Glencore, Peru: Gain the Edge - Fidel Kishimoto
The benefits of executive education are applicable to any stage of an executive’s career. Fidel Kishimoto, director of Glencore, Peru, tells Steve Coomber how education programmes have proven vital in shaping his professional future.
Executive education is sometimes viewed solely as a career development tool. While there is no doubt it plays an important role in executive talent management and development, it also offers benefits to executives no matter what stage of their career they are at.
For Fidel Kishimoto, general manager and director of Glencore, Peru, it is an important part of the management learning and development process and can even help those looking to progress from general management.
‘Executives operating in today's business world must remember that they need the knowledge and skills to develop their business under current market conditions, as well as the ability to develop and maintain global relationships,’ he says.
The economic events of the last two years have demonstrated that we live in a fast-paced, dynamic, rapidly changing world. This means that managers need to keep up to date with management practices and market trends, so they can react quickly when the occasion demands it.
Kishimoto recently participated in the Global CEO Program for Latin America (GCLA), run in partnership by IESE Business School, Madrid, Spain, the Wharton School, Philadelphia, US, and the China Europe International Business School (CEIBS), Shanghai, China.
For Kishimoto, a key aspect of the education programme was that it was structured in a way that made it comparatively easy to attend, even for busy senior executives. ‘The flexibility of having three different sessions roughly three weeks apart, and each in a different location, allowed me to organise my schedule in a way that made it possible to fit the courses in,’ he says.
For example, the GCLA programme, which is designed to address the specific needs and interests of CEOs and senior-business leaders in Latin America, consists of three one-week residential modules, held at IESE Business School, the Wharton School and CEIBS. Participants work individually and in teams, covering subjects such as global strategy and scenario planning, entrepreneurial management, and joint ventures and strategic alliances, delivered by management leaders.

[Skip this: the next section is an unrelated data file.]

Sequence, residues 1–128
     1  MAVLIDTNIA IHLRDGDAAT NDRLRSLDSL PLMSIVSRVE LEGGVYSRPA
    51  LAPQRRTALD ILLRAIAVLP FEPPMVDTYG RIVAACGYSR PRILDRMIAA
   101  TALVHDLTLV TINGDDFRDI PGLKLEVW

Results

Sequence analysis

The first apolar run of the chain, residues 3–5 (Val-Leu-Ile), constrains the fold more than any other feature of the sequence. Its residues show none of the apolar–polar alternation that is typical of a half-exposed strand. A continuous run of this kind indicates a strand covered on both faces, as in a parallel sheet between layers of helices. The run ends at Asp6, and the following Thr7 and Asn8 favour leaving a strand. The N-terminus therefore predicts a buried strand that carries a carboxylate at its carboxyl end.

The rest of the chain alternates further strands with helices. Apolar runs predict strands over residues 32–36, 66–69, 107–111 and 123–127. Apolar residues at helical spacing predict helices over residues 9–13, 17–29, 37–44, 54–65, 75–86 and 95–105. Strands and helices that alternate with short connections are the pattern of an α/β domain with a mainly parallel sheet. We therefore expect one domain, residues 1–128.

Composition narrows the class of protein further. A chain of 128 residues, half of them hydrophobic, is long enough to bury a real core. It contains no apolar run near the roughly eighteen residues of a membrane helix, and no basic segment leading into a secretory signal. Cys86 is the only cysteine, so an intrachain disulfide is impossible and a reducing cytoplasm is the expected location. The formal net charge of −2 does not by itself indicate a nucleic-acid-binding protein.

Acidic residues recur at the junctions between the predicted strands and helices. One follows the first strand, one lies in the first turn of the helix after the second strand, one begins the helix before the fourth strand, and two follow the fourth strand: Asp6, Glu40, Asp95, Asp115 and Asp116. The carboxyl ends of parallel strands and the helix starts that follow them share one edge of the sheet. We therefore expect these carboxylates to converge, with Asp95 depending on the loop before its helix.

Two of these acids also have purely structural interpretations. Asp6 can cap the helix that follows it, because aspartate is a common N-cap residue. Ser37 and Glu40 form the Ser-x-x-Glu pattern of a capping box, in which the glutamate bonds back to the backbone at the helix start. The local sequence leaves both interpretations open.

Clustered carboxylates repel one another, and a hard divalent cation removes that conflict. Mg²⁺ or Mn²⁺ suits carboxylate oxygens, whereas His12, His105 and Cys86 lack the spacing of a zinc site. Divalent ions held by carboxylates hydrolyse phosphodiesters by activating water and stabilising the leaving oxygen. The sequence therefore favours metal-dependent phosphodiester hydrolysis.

As well as analysing business cases, participants also produce an individual project related to their management role. For Kishimoto, the interaction with other programme participants was particularly rewarding, something the executives that attend similar programmes tend to highlight. He also notes that the experience proved useful in terms of personal development and helped prepare him to move on from his general management role.
‘Executive education was effective for my personal development because it allowed me to incorporate new trends and frameworks into my business activities,’ Kishimoto says.
‘Listening to and talking with the other executives on the programme helped me recognise business opportunities and identify new planning methods that I could apply. You can learn a lot from people who work in different sectors and markets.’
A significant aspect of executive education is the ability to apply the learning on the programme directly to work-related issues. Kishimoto used his project to develop his and his employer's succession planning processes. Anticipating a time in the near future where he would step back from his day-to-day general management role, while maintaining his work as board director, Kishimoto used his personal project to devise a coaching and a mentoring programme that would help him prepare a junior executive to fill his position.
Kishimoto says he is fortunate enough to work for an organisation that places an emphasis on continued education. But does he believe that executive education will become more widespread, and is it something he would recommend to other executives?
‘Glencore is very concerned about the education of its executives and has a strong training and education programme,’ says Kishimoto.
‘Of course, each organisation has its own view on learning and development, but I do think that organisations are increasingly placing greater emphasis on executive education. Certainly, from my personal experience, I found it very valuable and have recommended it to many of my circle of contacts.’